“Blessed assurance, Jesus is mine! Oh, what a foretaste of glory is mine!” Anglicans, especially Catholic Anglicans, find “blessed assurance” and a “foretaste of glory” in the sacraments of the Church. After the General Synod debate on women bishops, Stephen Barney wrote asking for an explanation of the doctrine of sacramental assurance (Letters, 16 July). Others have questioned whether sacramental assurance is an Anglican doctrine.
I would like to try to explain it, and to show that it is an Anglican doctrine. The doctrine of the Church of England is to be found particularly in “the Thirty-nine Articles of Religion, the Book of Common Prayer, and the Ordinal”, according to Canon A5; I will refer to these sources, among others.
Article XXV teaches that “Sacraments ordained by Christ . . . [are] effectual signs of grace”: they effect what they signify; they truly bring us the grace of God; they are the means by “which [God] doth work invisibly in us”. This gives the Church of England a Catholic doctrine of the sacraments.
The teaching of the Article is expanded in the Catechism in the Book of Common Prayer, which states that the sacraments are “a means whereby we receive [grace]”, and “a pledge to assure us thereof”. We have therefore the assurance that we receive the grace of God in the sacraments, provided that the right conditions are met.
Traditional Catholic teaching requires the use of bread and wine at the eucharist, and the presidency of a priest ordained by a bishop in the apostolic succession. Both the Book of Common Prayer and Common Worship require the use of bread and wine, and the presidency of a priest ordained by a bishop. Article XXXVI refers to the Ordinal attached to the Book of Common Prayer, which requires that priests be ordained by bishops, as did the Act of Uniformity 1662.
The preface to the Ordinal makes it clear that the Church of England intended to continue the orders of bishops, priests, and deacons, as the Church had received them, going back to the time of the Apostles. In other words, the C of E explicitly intended to continue the ordained ministry of the Catholic Church.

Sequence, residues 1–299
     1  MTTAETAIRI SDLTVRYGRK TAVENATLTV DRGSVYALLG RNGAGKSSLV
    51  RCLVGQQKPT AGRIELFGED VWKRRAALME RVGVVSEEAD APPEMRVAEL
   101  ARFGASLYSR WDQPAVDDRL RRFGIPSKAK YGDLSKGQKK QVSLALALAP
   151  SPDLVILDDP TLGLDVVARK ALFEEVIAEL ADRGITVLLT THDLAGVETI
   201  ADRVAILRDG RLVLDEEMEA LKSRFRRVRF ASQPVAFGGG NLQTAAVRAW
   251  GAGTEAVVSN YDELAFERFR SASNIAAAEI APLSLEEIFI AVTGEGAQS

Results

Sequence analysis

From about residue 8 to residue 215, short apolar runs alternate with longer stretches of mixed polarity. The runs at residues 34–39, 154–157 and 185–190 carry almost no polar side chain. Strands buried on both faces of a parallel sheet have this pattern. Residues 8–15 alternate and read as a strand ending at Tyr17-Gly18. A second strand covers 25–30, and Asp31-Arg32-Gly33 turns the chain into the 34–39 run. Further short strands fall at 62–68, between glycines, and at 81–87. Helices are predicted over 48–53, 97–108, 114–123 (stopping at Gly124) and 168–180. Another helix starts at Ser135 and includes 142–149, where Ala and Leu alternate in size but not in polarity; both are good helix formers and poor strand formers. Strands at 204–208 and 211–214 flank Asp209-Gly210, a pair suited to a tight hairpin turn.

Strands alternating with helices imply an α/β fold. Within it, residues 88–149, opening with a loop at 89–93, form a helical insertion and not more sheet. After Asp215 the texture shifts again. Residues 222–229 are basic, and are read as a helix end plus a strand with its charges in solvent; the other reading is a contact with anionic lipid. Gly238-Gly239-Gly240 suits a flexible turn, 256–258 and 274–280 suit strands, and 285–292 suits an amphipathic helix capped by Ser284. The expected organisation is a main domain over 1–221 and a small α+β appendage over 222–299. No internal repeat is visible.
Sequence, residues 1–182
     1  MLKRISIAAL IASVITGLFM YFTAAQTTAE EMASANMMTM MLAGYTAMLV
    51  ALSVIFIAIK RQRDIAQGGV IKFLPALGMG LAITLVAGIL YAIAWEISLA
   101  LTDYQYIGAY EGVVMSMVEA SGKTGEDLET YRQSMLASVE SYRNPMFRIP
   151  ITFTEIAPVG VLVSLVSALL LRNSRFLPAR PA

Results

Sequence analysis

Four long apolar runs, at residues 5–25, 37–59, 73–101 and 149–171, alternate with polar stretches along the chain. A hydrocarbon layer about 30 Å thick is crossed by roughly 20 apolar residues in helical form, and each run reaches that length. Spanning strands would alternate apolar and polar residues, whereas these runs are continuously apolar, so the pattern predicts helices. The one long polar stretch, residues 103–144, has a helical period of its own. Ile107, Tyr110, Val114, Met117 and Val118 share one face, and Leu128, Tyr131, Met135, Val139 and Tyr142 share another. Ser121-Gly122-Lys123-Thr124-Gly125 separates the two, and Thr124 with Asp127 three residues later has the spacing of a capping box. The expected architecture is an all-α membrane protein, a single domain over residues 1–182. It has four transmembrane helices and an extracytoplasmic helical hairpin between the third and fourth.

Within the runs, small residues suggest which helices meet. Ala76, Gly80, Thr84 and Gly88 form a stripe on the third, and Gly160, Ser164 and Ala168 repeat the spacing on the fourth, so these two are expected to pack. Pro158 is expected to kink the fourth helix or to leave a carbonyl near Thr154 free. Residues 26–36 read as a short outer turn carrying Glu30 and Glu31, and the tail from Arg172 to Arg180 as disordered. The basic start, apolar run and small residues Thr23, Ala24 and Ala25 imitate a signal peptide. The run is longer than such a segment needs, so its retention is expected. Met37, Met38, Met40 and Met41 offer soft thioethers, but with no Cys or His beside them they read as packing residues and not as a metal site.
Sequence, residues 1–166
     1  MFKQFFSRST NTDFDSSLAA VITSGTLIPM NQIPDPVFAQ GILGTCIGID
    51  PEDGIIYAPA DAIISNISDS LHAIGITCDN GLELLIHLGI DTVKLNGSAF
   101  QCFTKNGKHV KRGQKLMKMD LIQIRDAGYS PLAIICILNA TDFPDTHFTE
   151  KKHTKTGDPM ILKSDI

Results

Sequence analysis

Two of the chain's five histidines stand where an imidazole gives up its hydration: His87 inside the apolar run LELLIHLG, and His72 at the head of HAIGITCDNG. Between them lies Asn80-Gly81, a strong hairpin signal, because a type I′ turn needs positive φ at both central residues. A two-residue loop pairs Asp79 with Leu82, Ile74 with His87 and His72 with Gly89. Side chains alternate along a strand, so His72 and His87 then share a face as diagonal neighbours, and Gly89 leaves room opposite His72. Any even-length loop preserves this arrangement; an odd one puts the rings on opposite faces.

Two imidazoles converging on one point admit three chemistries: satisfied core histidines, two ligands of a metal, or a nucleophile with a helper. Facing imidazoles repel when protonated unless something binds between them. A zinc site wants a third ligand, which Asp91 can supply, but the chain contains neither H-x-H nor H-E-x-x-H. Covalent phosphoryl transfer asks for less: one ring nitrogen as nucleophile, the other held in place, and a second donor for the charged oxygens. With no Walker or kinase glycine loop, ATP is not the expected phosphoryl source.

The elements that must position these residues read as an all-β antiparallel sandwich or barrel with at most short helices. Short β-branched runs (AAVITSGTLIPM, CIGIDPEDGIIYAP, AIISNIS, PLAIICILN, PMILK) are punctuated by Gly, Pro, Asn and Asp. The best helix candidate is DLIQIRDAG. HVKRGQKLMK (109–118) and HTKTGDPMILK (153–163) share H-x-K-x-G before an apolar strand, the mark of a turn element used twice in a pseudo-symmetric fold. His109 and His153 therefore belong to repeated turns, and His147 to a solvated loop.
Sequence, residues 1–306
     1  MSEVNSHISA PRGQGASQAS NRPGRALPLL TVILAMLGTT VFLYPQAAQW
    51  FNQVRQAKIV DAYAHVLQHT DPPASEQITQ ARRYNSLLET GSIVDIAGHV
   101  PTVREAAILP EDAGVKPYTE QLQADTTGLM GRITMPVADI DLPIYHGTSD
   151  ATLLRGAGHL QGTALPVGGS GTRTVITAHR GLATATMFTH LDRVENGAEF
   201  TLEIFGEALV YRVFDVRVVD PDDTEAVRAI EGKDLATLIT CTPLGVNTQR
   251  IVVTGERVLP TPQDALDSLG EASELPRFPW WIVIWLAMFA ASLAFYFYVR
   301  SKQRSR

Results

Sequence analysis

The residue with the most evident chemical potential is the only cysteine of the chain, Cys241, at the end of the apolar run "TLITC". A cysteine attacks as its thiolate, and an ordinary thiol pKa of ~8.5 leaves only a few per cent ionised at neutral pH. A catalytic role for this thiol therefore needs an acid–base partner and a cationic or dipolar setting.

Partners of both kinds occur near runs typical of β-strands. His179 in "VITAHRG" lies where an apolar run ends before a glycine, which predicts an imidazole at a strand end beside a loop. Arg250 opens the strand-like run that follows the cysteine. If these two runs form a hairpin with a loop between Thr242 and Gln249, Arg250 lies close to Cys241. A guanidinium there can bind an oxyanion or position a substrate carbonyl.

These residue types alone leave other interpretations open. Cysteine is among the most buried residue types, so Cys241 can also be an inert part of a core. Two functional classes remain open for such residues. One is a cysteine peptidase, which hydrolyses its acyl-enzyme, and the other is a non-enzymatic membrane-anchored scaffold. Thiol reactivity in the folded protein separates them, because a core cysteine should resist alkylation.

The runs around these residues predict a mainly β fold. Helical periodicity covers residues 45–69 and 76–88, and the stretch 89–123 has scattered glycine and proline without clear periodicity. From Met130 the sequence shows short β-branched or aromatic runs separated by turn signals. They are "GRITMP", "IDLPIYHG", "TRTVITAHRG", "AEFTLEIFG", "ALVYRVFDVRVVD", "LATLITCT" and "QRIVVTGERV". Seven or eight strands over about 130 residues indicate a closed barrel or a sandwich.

The requirement of a priest, ordained by a bishop in the apostolic succession, to preside at the eucharist is a requirement of Anglican formularies. One could cite various Anglican divines who took just such a Catholic and Anglican position — Jeremy Taylor, Lancelot Andrewes, John Cosin, and William Laud, to name but a few.
The problem for traditional Catholics in the Church of England is that we do not believe that in ordaining women, the C of E is continuing the orders of bishops and priests as the Church has received them. By “Church” here, we mean the undivided Church of the past, together with the present-day Orthodox and Roman Catholic Churches, and a number of other Anglican provinces.
The ordination of women to the priesthood therefore initiated a process of reception in the Church of England and the wider Church. Reception is not a new concept in the history of the Church: it refers to the reception of the decisions of Councils of the Church by the whole people of the Church, under the guidance of the Holy Spirit.
Because the C of E claims that her orders are those of the whole or universal Church (Catholic, Orthodox, Anglican), the new development in the ordination of women must be subject to reception by the whole Church. Otherwise, our Church’s claim about her orders would be in jeopardy. Recognition of the need for reception underpinned theologically the provision that was made in 1992-93 for members of the Church of England not to receive the priestly ministry of women.
The introduction of women bishops would introduce a new phase into the process of reception, calling, theologically and practically, for provision for members of the C of E not to receive the episcopal ministry of women. According to Anglican ordinals, priests have to be ordained by bishops. Those who are unable to receive the ministry of women bishops cannot receive the ministry of those who have been ordained by women bishops, because ordination is an essentially episcopal ministry.
The problem then, particularly for lay traditionalists, would be how they can be sure that a priest presiding at the eucharist has been ordained by a male bishop, in a line of bishops and priests which is an explicit continuation of the orders of bishops and priests as the Church has received them. Without that assurance, they do not have the assurance of the grace of God in the sacrament.
This is not to denigrate the ministry of women priests, or to say that the grace of God is not present when they preside at the eucharist. But it is to say that the same sacramental assurance is not available when women preside at the eucharist, or ordain priests — because there is doubt that, in their ordination, the Church of England is continuing the Catholic orders of the universal Church.
Bishop Kenneth Kirk wrote in a paper for the Church Assembly in 1947 that “where the sacraments are concerned, the Church is always obliged to take the least doubtful course.” For this reason, we cannot receive the priestly or episcopal ministry of women.
It is sometimes objected that Article XXVI says that the “unworthiness of ministers” does not hinder the effect of the sacrament. If we read the Article in full, however, we see that the unworthiness referred to is not an issue about holy orders, but serious moral unworthiness: “wickedness”.
Indeed, the Article teaches the principle of sacramental assurance, namely, that the grace of God is present in the sacrament when it is rightly and duly administered, in accordance with the teaching and practice of the undivided Church. This requires the continuation of the orders of bishops and priests as the Church has received them, going back to the time of the Apostles.
Canon Simon Killwick is the Rector of Christ Church, Moss Side, Manchester, and chairman of the Catholic Group on the General Synod.